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Greasy lens - best way to clean?

 
 
Lars Bonnesen
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      12-27-2004
I got some fingerprints on my lens. What is the best way to clean it?

I once had a kind of "lens tissue", but in absence of this, what is best to
use? Soft cloth, toilet paper, newspaper, ordinary paper, or...?

Regards, Lars.


 
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Joe Makowiec
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      12-27-2004
On 27 Dec 2004 in rec.photo.digital, Lars Bonnesen wrote:

> I got some fingerprints on my lens. What is the best way to clean
> it?
>
> I once had a kind of "lens tissue", but in absence of this, what is
> best to use? Soft cloth, toilet paper, newspaper, ordinary paper,
> or...?


I just bought a new camera; the guy at the dealer tossed in a couple of
microfiber lens cleaning cloths. I would imagine you could pick them up
for not very much in any photo supply store.

Looking at them, they're Photosilk brand: http://www.photosilk.com/

--
Joe Makowiec
http://makowiec.org/
Email: http://makowiec.org/contact/?Joe
 
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grruffbowwow@yahoo.com
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      12-27-2004
Before I give you any advice, just how expensive is your lens?

Best is a proper lens tissue, barely dampened with lens cleaning
solution. Next best would be one of those soft cloths specifically for
cleaning eyeglasses. In emergencies, in the absence of anything better,
I usually seek out a clean soft cotton cloth very lightly applied after
fogging the lens with breath. At no time would I ever let paper of any
kind touch my lenses, be they eyeglasses or other - coatings go
bye-bye.

Peace!
ECM

 
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C Wright
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      12-27-2004
On 12/27/04 8:08 AM, in article
41d0177d$0$182$(E-Mail Removed), "Lars Bonnesen"
<(E-Mail Removed)> wrote:

> I got some fingerprints on my lens. What is the best way to clean it?
>
> I once had a kind of "lens tissue", but in absence of this, what is best to
> use? Soft cloth, toilet paper, newspaper, ordinary paper, or...?
>
> Regards, Lars.
>
>

Zeiss makes lens cloth packets that I'm sure are widely available. They are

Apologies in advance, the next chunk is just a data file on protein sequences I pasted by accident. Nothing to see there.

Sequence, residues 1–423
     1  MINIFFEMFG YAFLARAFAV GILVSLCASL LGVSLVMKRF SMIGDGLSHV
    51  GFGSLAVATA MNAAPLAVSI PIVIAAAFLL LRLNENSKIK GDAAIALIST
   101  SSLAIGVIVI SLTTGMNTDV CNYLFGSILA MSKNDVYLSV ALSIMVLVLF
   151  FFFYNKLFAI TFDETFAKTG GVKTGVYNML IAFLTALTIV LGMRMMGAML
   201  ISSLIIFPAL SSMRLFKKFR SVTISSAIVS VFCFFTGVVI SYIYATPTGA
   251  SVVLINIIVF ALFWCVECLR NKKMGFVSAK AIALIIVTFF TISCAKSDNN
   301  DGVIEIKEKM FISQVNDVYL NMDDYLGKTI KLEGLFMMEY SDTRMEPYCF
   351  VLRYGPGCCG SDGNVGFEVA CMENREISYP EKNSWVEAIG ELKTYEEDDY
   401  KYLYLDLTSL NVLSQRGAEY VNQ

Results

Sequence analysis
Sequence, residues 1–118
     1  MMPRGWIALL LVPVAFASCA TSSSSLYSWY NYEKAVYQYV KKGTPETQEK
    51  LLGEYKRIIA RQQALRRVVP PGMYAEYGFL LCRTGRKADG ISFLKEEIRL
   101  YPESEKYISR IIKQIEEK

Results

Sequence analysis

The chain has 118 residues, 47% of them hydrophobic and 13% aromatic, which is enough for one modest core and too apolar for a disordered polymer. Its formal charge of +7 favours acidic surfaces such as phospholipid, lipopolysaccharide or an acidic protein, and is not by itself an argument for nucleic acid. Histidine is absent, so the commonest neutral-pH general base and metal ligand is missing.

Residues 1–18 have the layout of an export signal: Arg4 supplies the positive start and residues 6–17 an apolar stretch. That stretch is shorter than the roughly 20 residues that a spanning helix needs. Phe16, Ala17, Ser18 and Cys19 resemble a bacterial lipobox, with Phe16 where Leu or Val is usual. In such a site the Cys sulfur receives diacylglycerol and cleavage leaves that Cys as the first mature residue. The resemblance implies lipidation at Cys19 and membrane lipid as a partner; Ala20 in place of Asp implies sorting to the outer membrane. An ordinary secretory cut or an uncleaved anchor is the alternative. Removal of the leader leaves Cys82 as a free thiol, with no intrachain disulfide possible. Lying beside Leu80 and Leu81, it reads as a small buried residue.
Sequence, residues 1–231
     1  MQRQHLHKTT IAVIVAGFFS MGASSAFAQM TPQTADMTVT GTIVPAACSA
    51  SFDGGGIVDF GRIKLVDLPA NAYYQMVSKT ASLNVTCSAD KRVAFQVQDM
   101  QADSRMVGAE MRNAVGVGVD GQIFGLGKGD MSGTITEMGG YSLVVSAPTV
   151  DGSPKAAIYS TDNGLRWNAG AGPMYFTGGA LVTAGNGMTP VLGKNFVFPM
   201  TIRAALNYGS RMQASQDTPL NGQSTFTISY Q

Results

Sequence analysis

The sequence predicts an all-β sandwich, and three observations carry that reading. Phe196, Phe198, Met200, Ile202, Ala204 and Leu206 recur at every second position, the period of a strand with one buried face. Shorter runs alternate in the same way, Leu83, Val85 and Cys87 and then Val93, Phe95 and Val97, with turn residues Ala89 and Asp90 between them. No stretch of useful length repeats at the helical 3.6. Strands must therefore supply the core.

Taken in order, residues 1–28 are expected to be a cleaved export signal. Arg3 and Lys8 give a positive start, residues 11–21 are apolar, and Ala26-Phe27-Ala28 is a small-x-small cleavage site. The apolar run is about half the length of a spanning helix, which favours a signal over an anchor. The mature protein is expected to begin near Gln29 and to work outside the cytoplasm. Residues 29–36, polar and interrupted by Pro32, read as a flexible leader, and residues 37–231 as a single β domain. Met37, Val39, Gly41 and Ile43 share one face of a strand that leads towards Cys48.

pre-dampened with isopropyl alcohol and are recommended for coated lenses.
I would not normally use anything but a dry brush, but if you have something
like fingerprints on the lens you pretty much have to wet it with something.
Chuck

 
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HRosita
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      12-27-2004
>I got some fingerprints on my lens. What is the best way to clean it?
>
>


Go to a place that sells glasses and get a lens tissue and cleaning fluid.

Put a few drops of fluid on the tissue and clean the lens. Never put fluid on
the lens and don't use paper.
Rosita


 
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Jeremy
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      12-27-2004

>
> Go to a place that sells glasses and get a lens tissue and cleaning fluid.
>
>

Eyeglass cleaning cloths or tissue may contain silicone and may be
destructive to optical lens coatings. Never use eyeglass cleaning chemicals
on a fine camera lens. Never.

I use Kodak lens cleaning tissue (now made by Tiffen, under license). I
also use Kodak lens cleaning fluid (it must be 30 years old--that's how
little of it I've used all this time!). I presume that it is still
available. If not, this link has cleaning fluid and lens tissue:

http://www.2filter.com/prices/products/formulamc.html

I have tried microfibre cloth, but it smudged my lens surface. Disposable
lens tissue, while more expensive in the long run, did not smudge.

After you've solved your problem, consider affixing a UV or Skylight filter
as a lens protector. It is estimated at a good filter may degrade the image
by perhaps 2%. It is better to sacrifice a filter than to ruin a lens, in
my view.


 
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Chip Gallo
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      12-27-2004
HRosita wrote:
>>I got some fingerprints on my lens. What is the best way to clean it?
>>
>>

>
>
> Go to a place that sells glasses and get a lens tissue and cleaning fluid.
>